The Bay of Love and Sorrows by David Adams Richards
Hardcover, 307 pages
Arcade Publishing, 1998
Hardcover, 307 pages
Arcade Publishing, 1998
very highly recommended
The novel begins as the once-strong friendship between Michael Skid, the privileged young son of a judge from town, and farmhand Tommie Donnerel collapses under the weight of a bitter misunderstanding. As Michael sets out to prove something to himself and others, he becomes drawn into the company of the beautiful and determined Madonna Brassaurd and her brother, Silver. The three are soon seduced by the glamour of Everette Hutch, a charismatic but violent man, whose latest scheme appears certain to result in tragedy. Bridging the decent world of Tommie Donnerel and the darker realm of the Brassaurds and Everette Hutch is Karrie Smith. Home from college for the summer, Karrie's deep longing for a more exciting life makes her especially vulnerable to a world she does not completely understand.
David Adams Richards' Mercy Among the Children was really my top book of 2009. It was so incredible that I hesitated over reading another one of Richards' books. The Bay of Love and Sorrows is the powerful tale of ambition and betrayal in a small New Brunswick town in the 1970s. Karrie Smith and Tom Donnerel are sweethearts who, after her first year of college, have a falling out. Karrie gives in to her attraction to Tom's former friend, Michael Skid who lures Karrie into a manipulative and loveless relationship. Michael, in turn, is manipulated by a drug dealer, Everette Hutch. Those who look to Michael to help and/or protect them are disappointed to learn how incapable he really is of taking a stand.
Richards's is simply an incredible writer. I know he's won awards in Canada, but, really, the man deserves a wider audience. The characters are well written but flawed; the plot is tightly defined. The intensity of the story was, at times overwhelming. You could see destruction coming, they could see it coming, and yet no one stopped it. Richards firm grasp of and insight to the human condition is, at times, heart breaking. I liked how one Amazon reviewer put it: "Although the reader will have affinity with the characters' very human flaws, Richards never allows us to get too close and I believe he does that deliberately; this fiction takes an in-depth look at the shallowness of living on the edge and the waste that it is."
Very Highly Recommended - but a book full of sorrow
The house was very warm, had a miserable quality permeating it, which Karrie herself had understood from early youth. It was not that the house, with its pink shutters and wainscoting, was a violent house. It was the absence of affection. pg. 6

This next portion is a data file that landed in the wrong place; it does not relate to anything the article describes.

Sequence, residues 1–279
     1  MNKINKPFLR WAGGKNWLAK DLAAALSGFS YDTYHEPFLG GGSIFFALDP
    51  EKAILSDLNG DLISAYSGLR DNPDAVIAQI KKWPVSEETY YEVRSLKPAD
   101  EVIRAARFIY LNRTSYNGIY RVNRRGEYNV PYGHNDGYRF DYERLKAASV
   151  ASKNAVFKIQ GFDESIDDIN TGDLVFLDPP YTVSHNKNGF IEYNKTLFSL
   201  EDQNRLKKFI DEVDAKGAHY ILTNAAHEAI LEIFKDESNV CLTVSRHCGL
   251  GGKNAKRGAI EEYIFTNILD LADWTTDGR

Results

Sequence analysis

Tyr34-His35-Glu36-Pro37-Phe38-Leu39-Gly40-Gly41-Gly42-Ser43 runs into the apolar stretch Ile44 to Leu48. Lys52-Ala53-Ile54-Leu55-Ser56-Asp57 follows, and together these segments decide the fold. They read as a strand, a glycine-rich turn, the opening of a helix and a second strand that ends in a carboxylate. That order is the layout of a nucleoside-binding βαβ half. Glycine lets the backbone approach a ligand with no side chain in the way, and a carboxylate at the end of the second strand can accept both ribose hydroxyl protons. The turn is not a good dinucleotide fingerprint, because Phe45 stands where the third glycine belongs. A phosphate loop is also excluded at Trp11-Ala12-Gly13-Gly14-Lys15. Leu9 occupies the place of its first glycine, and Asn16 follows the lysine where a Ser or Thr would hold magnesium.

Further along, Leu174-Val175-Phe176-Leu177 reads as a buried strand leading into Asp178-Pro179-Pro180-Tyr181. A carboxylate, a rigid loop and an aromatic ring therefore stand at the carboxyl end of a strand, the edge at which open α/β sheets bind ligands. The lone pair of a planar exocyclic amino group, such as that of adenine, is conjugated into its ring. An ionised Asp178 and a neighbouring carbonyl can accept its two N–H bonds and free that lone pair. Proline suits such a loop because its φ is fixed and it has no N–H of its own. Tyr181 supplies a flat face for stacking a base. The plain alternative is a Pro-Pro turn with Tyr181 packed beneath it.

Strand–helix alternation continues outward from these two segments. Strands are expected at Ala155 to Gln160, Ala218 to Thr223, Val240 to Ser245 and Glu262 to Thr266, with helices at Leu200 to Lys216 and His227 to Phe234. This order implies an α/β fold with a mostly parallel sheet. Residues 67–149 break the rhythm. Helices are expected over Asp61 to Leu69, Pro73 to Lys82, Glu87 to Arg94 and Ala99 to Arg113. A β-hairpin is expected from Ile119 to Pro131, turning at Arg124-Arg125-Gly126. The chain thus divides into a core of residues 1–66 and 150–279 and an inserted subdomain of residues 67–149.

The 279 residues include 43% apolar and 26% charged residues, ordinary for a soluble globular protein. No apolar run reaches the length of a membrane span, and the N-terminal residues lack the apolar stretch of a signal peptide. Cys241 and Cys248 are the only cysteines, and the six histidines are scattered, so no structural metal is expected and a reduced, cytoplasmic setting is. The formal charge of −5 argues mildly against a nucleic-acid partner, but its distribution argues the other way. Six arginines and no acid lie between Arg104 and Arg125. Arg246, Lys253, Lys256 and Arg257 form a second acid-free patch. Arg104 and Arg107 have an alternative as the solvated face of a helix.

And then suddenly a small flame of angry thought flickered inside him, as he turned towards Arron Brook. Because, having known Michael for three years, things remained unresolved between them. pg 13
Thinking of all of this, of Michael's cavalier attitude towards Karrie, of the pettiness of the article, of the meanness about the suit, Tom frowned, spat, and felt homesick even thought he was so near his home. pg. 17
The tree of them, at one time or another, had relied upon Tom for advice. But they had drifted away from him, each in their own way, and had come independently to the same conclusion - that Tom was too reasonable, too practical, and youth never had time to be reasonable. Still, he was the only man Madonna trusted. pg. 17-18
These discussions invariably worked their way around to the nature of power, and what made him, Everette, violent. He was fascinated by his own violence, and always held the belief that he would commit a great crime, that he was a man who didn't like to be violent, but could not help it, since so many people got in his way. Any other reasoning was beyond him. Everette's most telling trait was his conviction that everything else was beyond him. As if, lacking compassion, he proved himself. pg. 20
"Madonna and Silver - look up to you a awful lot. They are always talking about how good you are to them, and how you are helping them out.... so you are.... a real blessing to them. They had nothin in their lives - and look up to you. I mean it would be real good for them if you could help them see things the right way." pg. 25
Already his relationship with Everette Hutch had created problems for this young brother and sister, who had made a pact of loyalty with each other when they were left on their own. pg. 28
Tom felt that nothing would be askew now if he and Michael had remained friends. But unless they came to him, the three of them would not be able to stop until something desperate happened. pg. 31
What Michael did not understand, what Silver and Madonna and possibly Tom Donnerel did, was that Everette Hutch kept tapes on certain of those whom he considered his well-to-do friends - for future embezzlement and blackmail - such as the tape he was wearing at the moment, inside his left boot, as he smiled. pg. 40